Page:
I haven’t contracted through an agency for a long time, but I thought I’d write up my experiences from almost ten years of working as an IT contractor for anyone considering it as a career choice.
IT recruitment agencies provide a valuable service. Like any middle-man, their job is to bring buyers and sellers together. In this case the buyer is the end client, the company that needs a short-term resource to fill a current skills gap. The seller is you, the contactor offering the skill. The agency needs to do two things well: market intelligence - finding clients in need of resources and contractors looking to sell their skills; and negotiation – negotiating the highest price that the client will pay, and the lowest price that the contractor will work for. The agency’s income is a simple formula:
(client rate – contractor rate) * number of contractors placed.
Minimize the contractor rate, maximize the client rate, and place as many contractors as possible. That’s success.
Anyone with a phone can set themselves up as a recruitment agency. There are zero or low startup costs. The greatest difficultly most agencies face is finding clients. Finding contractors is a little easier, as I’ll explain presently. Having a good relationship with a large corporate or government client is a gold standard for any agency. Even better if that relationship is exclusive. Getting a foot in the door with one of these clients is very difficult, usually some long established, large agency has long ago stitched up a deal with someone high-up. But any company or organization in need of a contractor is a potential client, and agencies spend inordinate amounts of time in the search for names they can approach with potential candidates.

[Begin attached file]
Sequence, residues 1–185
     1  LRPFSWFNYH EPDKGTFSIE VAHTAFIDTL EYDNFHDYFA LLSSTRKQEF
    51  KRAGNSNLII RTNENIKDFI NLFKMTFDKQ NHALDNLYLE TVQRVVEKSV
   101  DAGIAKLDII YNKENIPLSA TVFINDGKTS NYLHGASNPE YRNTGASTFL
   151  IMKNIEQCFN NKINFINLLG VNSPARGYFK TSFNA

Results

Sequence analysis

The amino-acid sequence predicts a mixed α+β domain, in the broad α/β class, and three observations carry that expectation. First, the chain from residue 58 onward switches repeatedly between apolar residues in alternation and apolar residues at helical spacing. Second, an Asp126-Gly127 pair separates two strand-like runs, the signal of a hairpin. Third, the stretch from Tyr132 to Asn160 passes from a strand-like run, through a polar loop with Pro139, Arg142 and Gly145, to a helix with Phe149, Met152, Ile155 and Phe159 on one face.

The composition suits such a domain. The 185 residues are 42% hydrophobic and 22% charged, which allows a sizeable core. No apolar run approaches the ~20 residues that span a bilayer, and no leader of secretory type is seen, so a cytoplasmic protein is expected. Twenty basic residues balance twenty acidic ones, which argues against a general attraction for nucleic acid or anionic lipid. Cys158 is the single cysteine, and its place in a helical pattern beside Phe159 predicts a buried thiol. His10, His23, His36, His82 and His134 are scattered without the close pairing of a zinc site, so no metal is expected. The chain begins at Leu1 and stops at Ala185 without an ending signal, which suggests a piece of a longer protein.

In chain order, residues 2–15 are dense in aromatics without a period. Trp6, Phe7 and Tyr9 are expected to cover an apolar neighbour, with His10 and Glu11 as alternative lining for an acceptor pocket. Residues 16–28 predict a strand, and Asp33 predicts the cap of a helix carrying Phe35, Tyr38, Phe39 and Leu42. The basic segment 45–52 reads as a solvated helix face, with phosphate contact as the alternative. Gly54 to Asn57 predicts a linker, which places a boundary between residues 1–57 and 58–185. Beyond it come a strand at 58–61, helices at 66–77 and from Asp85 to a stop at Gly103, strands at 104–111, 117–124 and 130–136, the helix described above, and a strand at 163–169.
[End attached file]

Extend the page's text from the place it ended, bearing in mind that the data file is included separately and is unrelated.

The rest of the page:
As I said before, finding contractors is somewhat easier. There are a number of well known websites, Jobserve is the most common one to use in the UK, so it’s merely a case of putting up a job description and waiting for the CVs to roll in. The agent will try to make the job sound as good as possible to maximize the chances of getting applications within the limits of the client’s job spec.
An ideal contractor for an agency is someone who the client wants to hire, and who is willing to work for the lowest possible rate, and who will keep the client happy by turning up every day and doing the work that the client expects. Since agencies take an on-going percentage of the daily rate, the longer the contract lasts the better. The agency will attempt to do some filtering to ‘add value’, but since few agencies have any real technology knowledge, this mainly consists of matching keywords and years-of-experience. Anyone with any experience of talking to agencies will know how frustrating it can be, “Do you know any ASPs?” “No, they don’t want .NET, they want C#.” I’m not making those quotes up. Ideally they will want to persuade the client that they have some kind of exclusive arrangement with ‘their’ contractors and that the client would not be able to hire them through anyone else. It can be very embarrassing for them if the client receives your CV through a competing agency as well as theirs.
The job hunt. How you should approach it.